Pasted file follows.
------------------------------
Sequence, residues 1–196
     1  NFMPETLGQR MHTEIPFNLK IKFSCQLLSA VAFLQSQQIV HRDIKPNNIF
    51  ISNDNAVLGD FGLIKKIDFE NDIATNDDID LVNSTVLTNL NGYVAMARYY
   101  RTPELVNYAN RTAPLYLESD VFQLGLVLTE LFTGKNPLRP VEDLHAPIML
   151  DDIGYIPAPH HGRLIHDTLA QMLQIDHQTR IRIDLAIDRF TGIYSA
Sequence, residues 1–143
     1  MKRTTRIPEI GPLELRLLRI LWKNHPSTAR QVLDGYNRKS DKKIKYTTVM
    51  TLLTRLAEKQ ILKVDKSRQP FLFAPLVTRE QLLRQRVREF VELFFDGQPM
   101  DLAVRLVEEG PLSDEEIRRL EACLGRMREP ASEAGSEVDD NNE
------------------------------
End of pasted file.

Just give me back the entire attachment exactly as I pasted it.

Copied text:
Sequence, residues 1–196
     1  NFMPETLGQR MHTEIPFNLK IKFSCQLLSA VAFLQSQQIV HRDIKPNNIF
    51  ISNDNAVLGD FGLIKKIDFE NDIATNDDID LVNSTVLTNL NGYVAMARYY
   101  RTPELVNYAN RTAPLYLESD VFQLGLVLTE LFTGKNPLRP VEDLHAPIML
   151  DDIGYIPAPH HGRLIHDTLA QMLQIDHQTR IRIDLAIDRF TGIYSA
Sequence, residues 1–143
     1  MKRTTRIPEI GPLELRLLRI LWKNHPSTAR QVLDGYNRKS DKKIKYTTVM
    51  TLLTRLAEKQ ILKVDKSRQP FLFAPLVTRE QLLRQRVREF VELFFDGQPM
   101  DLAVRLVEEG PLSDEEIRRL EACLGRMREP ASEAGSEVDD NNE